Meanwhile, there are the Starks, who continue to blunder deeper into trouble, both in King's Landing and in Winterfell. Ned Stark kind of, sort of, wakes up from the delirium after his horrible leg wound to see the King and Queen standing over his bedside, pissed at him for his wife's actions in seizing Tyrion. The King points out what Ned should already know: he's up to his royal eyeballs in debt to the Lannisters, and can't pick a fight with them. The King browbeats Ned into resuming his duties as Hand of the King, before going off on a hunt, because "Killing things clears my head."
Now that he's Hand of the King again, Ned takes the King's "don't piss off the Lannisters" injunction to heart — for about five minutes. When he hears of a poor village being pillaged and destroyed by a knight who bears an uncanny resemblance to Ser Gregor Clegane — the poor loser at the jousting last week — Ned decides that the Lannisters must be behind this outrage, and sends Ser Beric Dondarrion to deal with Ser Gregor. He also orders the head of the Lannister family, Tywin Lannister, to come to court and answer for his crimes.
And then Ned finally figures out the secret that cost the previous Hand of the King his life, and cost his son Bran the use of his legs — the heir apparent, Joffrey, and the other royal kids have blond hair, when every other member of the Baratheon line, going back centuries, has had black hair. And the King's bastards all have black hair. It's a dominant trait — or, as the previous Hand put it, "the seed is strong." Ned also, way too late in the game, decides to get his daughters Arya and Sansa out of King's Landing before the hostilities heat up any more.
What would Viserys do in this situation? Probably behead everybody involved, until he's sure there are no more potentially troublesome heads still attached. Because Viserys doesn't do subtle.
The Stark kids, meanwhile, are finding more and more reasons to want to stay in King's Landing. Arya is learning more than just swordplay from her tutor, Illyrio — she's learning philosophy, and a way of putting her troubles out of her mind so she can be the ultimate swordswoman. Sansa — in an absolutely brilliant scene — acts bratty towards her poor Septa Mordane, until Joffrey Bieber shows up and apologizes for being such a total shitbag since the whole "wolf bite" incident on the road. And gives her a nice necklace, because she'll be queen one day.
Back in Winterfell, meanwhile, the eldest Stark child, Robb, tries to figure out what to do about the Lannisters maiming his dad and killing his father's men. And Theon Greyjoy suggests taking up arms and fighting back — but Robb reminds Theon that this isn't really his house, the umpteenth time someone has rubbed Theon's nose in that fact lately. Poor Theon can't even convince his favorite sex worker, Ros, to stick around. (She does flash him one last time, though.)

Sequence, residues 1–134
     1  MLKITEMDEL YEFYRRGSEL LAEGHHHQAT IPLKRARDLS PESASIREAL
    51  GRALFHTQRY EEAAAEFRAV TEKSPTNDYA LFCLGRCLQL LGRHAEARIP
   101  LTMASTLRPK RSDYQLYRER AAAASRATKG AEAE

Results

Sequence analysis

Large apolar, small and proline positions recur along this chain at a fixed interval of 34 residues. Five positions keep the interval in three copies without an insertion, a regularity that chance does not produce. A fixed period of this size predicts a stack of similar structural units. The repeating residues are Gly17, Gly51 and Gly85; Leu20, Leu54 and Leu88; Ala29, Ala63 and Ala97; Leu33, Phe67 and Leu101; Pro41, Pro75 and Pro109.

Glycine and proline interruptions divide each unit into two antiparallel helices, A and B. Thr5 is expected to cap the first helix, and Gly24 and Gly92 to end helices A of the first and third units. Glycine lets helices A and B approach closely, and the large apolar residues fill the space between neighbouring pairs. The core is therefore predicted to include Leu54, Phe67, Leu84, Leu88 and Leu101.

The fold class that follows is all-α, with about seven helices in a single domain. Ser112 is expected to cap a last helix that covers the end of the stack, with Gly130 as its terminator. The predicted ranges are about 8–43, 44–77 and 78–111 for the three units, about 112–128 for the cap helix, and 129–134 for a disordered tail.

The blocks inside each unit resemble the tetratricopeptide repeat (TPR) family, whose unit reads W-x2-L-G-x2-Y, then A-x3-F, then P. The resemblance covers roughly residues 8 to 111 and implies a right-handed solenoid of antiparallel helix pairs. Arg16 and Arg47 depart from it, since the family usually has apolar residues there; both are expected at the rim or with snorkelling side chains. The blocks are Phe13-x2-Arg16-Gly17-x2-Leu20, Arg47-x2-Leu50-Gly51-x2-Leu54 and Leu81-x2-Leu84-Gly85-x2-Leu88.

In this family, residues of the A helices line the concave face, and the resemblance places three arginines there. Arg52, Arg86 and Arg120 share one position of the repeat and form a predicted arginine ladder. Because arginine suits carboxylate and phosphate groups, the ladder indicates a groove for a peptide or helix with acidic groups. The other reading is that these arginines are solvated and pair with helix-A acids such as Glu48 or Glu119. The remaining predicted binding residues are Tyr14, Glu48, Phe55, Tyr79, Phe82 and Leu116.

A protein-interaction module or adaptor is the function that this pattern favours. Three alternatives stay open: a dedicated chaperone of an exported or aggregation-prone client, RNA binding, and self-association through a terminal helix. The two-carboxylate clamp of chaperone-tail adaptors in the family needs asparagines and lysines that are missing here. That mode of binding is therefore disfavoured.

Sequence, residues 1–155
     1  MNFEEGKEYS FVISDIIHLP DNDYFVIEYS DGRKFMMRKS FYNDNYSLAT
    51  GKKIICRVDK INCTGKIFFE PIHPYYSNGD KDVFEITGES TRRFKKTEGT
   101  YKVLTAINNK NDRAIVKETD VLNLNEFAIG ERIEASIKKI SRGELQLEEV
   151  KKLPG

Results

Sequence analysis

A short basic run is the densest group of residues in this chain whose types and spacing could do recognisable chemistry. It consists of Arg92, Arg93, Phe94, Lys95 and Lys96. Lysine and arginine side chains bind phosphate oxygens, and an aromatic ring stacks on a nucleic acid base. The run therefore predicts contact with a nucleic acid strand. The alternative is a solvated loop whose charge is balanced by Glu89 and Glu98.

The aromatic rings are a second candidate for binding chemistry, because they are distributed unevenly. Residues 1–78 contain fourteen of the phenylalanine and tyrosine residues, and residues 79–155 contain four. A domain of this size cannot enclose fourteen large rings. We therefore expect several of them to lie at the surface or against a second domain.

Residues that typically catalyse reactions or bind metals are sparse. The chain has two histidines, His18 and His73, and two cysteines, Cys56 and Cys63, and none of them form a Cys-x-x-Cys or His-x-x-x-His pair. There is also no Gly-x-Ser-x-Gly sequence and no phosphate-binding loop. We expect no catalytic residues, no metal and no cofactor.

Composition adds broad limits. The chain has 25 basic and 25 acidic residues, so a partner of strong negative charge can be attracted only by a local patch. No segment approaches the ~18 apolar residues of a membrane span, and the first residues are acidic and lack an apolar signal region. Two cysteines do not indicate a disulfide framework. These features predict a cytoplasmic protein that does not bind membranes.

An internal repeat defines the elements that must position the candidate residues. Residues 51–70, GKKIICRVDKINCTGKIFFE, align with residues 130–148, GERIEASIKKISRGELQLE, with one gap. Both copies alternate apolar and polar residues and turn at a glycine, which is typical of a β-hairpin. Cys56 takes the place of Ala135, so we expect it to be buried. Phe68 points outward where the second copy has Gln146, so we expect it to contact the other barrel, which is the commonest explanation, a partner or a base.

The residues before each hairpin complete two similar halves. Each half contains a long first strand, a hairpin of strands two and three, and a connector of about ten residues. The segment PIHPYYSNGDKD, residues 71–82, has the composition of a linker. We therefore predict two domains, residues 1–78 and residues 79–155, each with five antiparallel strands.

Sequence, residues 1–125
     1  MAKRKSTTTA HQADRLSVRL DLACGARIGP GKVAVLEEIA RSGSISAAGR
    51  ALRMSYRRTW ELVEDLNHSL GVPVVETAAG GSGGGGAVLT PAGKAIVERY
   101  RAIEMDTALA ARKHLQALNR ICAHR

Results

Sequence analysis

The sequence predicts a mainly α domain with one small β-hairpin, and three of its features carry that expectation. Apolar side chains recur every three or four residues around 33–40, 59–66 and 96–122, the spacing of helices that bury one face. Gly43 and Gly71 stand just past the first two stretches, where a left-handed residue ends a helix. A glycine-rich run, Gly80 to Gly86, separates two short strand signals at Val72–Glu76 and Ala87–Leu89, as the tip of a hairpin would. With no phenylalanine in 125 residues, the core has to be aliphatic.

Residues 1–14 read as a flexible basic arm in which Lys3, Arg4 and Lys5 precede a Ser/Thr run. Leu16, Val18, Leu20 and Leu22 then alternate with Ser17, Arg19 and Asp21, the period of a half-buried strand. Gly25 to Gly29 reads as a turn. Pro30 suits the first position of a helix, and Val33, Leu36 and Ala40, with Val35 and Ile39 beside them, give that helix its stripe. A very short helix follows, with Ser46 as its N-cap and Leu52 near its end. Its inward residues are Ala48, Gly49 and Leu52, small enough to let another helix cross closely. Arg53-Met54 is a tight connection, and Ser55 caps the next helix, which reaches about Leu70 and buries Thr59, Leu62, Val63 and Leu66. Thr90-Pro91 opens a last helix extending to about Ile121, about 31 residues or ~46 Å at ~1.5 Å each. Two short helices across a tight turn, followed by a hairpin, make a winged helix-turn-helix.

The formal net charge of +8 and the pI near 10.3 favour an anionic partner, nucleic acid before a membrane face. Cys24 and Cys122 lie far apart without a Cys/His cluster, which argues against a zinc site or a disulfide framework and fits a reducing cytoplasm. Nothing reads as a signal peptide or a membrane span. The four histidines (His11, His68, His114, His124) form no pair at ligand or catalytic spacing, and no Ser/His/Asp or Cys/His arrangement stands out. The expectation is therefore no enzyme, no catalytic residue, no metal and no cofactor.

Bran finally has his fancy saddle, allowing him to ride his horse despite his injury — and the first thing he does is to ride off into the deep woods on his own, where a group of marauding wildlings nearly captures him. Robb and Theon take care of these raiders, but leave one of them, a woman, alive in exchange for her promises of fealty.
But since we're on the subject of "What would Viserys do?" — and it's sadly our last chance to imagine how Viserys would handle the many tricky situations that these characters face — it's important to compare Viserys to the man whose throne he wants: King Robert. Who makes some very dodgy choices this time around. King Robert puts the man whose wife arrested his wife's brother back in charge, and tells him to sit on the throne while he's off slaying beasts. And then he traipses off into the forest with his youngest brother Renly, Ser Barristan Selmy and his squire, Lancel Lannister — two out of three of whom would happily spit on his corpse. Then he proceeds to make himself as obnoxious as possible, reminiscing about the women he's ****ed and the people he's killed, while staggering around the forest with an enormous spear.
King Robert, at least, understand that governing means compromises — and that you have to pick who to trust. Ned, the brother Robert chose, is the only person Robert can leave to govern in his stead. And yet, Robert can't take Ned's side in his burgeoning feud against the Lannisters. He knows that if the Starks and Lannisters come to blows, the realm will be torn apart, and his only answer is to put Ned in a position of authority, where he may have to behave with restraint. Of course, it doesn't really turn out that way.
So what would Viserys do, in Robert's place? I'm guessing there would be a lot of meaningless threats and specious arguments — that's apparently what you get when you wake the dragon.
Poor Viserys. At least he'll always be king in our hearts.
One other thing, when the woman told him that he didn't fight with honor, was she referring to him throwing stuff, him running around or him killing a defeated man? Because the fight seemed fine considering he had no head armor and shield.
Great show by the way
I would like to see more of Aria and her lessons. jon snow and his right hand man big softy, I would also Like to see what the hell everyone is so scared of on the other side of the wall.
Last edited by Saintsfan1992 : 05-23-2011 at 07:11 PM.